Really, it’s astonishing just how much this diagnostic has in common with Nag Rage.
In the article I read, Professor DiAngelo goes on to say the following:
In large part, white fragility—the defensiveness, the fear of conflict—is rooted in this good/bad binary. If you call someone out, they think to themselves, “What you just said was that I am a bad person, and that is intolerable to me.” It’s a deep challenge to the core of our identity as good, moral people.
Unfortunately, I think the professor is misinterpreting the response. What people actually think to themselves is “what you just said is that I am responsible for the [crimes of my ancestors/crimes of someone else’s ancestors/crimes of a white person with no connection to me whatsoever/being born white] and that you expect me to make recompense for these crimes and that is utterly outrageous.”
This tends to be common, I believe, at so-called ‘diversity training’ and mandatory ‘cultural sensitivity’ lectures. Such sessions, like multiculturalism itself, rest on an unspoken and unchallenged premise that diversity and cultural sensitivity are actually good ideas. The simple application of common sense suggests otherwise. Businesses rely on hiring people who can actually do the jobs, not because of their skin colour/sex/age/religion/etc. The mere suggestion that someone got a coveted job or promotion because of the colour of their skin is corrosive, even if it is completely inaccurate. A person who feels that they were passed over for promotion because they happened to be white is not likely to be in a good frame of mind for accepting that the winner actually deserved to win.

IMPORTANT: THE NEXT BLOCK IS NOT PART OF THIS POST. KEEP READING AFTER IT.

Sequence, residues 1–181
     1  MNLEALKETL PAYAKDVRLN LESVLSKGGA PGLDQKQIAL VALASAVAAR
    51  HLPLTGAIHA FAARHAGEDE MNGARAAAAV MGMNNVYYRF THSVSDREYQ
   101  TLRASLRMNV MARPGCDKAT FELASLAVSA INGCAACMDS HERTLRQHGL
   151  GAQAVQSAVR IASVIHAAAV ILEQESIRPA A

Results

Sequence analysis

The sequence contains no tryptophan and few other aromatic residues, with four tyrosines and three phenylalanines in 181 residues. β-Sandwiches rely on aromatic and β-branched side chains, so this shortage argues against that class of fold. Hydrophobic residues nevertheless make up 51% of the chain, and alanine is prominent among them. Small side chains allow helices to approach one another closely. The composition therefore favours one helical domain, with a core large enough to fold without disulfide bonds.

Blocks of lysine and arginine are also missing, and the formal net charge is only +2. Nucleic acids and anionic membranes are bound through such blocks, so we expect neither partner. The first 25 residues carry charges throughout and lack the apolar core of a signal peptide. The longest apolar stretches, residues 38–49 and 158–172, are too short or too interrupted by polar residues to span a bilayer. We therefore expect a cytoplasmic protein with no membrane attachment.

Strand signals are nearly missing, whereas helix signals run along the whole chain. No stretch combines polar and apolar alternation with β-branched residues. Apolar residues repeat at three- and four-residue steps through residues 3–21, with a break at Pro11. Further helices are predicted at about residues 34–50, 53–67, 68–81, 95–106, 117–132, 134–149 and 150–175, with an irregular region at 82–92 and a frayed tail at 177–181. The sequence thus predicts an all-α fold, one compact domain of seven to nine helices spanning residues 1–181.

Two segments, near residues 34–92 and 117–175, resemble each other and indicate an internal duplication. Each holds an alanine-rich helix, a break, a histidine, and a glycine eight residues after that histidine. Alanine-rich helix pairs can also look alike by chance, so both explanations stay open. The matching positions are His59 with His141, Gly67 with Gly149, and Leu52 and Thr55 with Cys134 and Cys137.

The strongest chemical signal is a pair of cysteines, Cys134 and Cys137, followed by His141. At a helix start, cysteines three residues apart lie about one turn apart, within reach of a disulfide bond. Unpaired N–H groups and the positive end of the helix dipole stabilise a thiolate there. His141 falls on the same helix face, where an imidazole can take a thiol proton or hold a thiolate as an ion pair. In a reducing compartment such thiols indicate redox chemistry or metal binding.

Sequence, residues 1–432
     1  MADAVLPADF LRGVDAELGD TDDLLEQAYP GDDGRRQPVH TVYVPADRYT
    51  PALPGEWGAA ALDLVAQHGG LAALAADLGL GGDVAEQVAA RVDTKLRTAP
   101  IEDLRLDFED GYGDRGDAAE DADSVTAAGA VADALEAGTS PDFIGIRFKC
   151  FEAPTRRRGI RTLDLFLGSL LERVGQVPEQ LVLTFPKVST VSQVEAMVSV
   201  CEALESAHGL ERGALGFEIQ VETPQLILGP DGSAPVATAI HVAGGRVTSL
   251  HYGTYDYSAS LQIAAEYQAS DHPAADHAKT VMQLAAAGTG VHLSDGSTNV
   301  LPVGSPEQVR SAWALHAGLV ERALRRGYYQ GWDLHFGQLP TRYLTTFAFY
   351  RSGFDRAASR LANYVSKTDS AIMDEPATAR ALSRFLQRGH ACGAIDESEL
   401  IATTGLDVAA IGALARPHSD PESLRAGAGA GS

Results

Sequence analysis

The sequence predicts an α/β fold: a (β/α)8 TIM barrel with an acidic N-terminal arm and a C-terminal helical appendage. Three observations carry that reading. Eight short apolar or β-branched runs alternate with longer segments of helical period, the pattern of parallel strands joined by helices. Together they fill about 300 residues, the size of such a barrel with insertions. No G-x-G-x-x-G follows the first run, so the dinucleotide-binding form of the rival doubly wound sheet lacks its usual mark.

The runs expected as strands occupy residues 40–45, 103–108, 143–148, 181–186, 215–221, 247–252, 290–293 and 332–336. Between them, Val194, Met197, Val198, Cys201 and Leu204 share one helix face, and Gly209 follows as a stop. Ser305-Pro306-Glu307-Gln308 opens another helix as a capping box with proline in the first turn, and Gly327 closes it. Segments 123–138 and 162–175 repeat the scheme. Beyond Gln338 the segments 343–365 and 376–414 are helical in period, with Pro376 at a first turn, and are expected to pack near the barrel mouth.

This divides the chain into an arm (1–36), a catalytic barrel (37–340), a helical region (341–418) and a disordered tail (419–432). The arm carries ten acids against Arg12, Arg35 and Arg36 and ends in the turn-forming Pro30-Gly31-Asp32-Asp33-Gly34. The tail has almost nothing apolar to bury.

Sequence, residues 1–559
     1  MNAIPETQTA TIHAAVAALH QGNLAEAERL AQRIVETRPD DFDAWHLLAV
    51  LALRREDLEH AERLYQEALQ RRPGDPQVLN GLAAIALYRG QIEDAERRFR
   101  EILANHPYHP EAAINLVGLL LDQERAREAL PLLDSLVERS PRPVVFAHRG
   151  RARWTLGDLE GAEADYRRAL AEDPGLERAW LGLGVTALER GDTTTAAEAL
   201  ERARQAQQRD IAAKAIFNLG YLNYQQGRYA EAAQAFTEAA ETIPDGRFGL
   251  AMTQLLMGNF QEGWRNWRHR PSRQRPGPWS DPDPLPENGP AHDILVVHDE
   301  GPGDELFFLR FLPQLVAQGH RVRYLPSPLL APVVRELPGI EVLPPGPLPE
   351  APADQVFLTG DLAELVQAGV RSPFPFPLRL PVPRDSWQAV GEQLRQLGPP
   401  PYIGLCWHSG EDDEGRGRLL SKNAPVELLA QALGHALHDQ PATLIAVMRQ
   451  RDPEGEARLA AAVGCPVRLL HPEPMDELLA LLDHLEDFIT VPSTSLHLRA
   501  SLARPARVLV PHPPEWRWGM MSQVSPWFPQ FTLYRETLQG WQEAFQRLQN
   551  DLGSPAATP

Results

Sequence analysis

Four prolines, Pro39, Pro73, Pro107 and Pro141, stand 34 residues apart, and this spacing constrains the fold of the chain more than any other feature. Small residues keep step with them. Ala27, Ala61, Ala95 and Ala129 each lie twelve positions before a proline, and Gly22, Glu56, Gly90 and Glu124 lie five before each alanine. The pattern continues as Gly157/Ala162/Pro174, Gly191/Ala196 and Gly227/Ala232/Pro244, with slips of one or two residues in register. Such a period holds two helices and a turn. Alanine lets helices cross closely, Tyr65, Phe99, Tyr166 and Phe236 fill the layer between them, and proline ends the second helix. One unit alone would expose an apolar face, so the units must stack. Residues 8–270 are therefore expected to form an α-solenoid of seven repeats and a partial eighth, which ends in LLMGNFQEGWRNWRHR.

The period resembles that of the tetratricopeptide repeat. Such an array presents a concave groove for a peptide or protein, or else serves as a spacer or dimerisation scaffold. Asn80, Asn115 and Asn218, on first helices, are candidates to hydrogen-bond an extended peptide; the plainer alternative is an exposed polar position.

And, as always, it’s easier to blame someone else for our problems.
Diversity training sessions tend to become, very quickly, nagging sessions. The unhappy recipients, who were hired to do specific jobs, are ordered to listen to someone who knows nothing about the jobs they do, but hectors them constantly about the dangers of racism. They are not only forced to leave their jobs for a day, which can mean falling behind with their work, but also be spoken to like children in need of adults to show them the way. Is it any surprise, really, that people are growing less and less reluctant to discuss race when most ‘conversations’ start with an assumption that white men are responsible for the world’s ills … and when any disagreement, no matter how minor, is greeted with screams of RACIST!
And, as I said above, every bout of nagging resumes charging up the rage-o-meter from where it stopped, last time. White fragility? More like frustration with having to play a game where the rules seem to be rigged against them, where victory is impossible, where the slightest expression of disagreement can be used against one, where nothing short of bowing one’s head to PC-orthodoxy is acceptable.
I could spend quite a long time, if I wished, dissecting Professor DiAngelo’s article. I’m not going to bother, not now. All I can really do is point out that hectoring people, time and time again, about ‘racism’ and ‘micro-aggressions’ – and hammering someone into the ground for daring to hint that he might just disagree – does nothing, but make the problem worse. Social Justice Warriors insist on drawing lines between people – and, in doing so, set each of the groups against the others. They have played the Race Card so often that no one outside their circles takes it seriously any longer.
And why, you might ask, do I care?
My son is a mixed-race child. If the world’s population is divided into different groups by race, where does he fit in?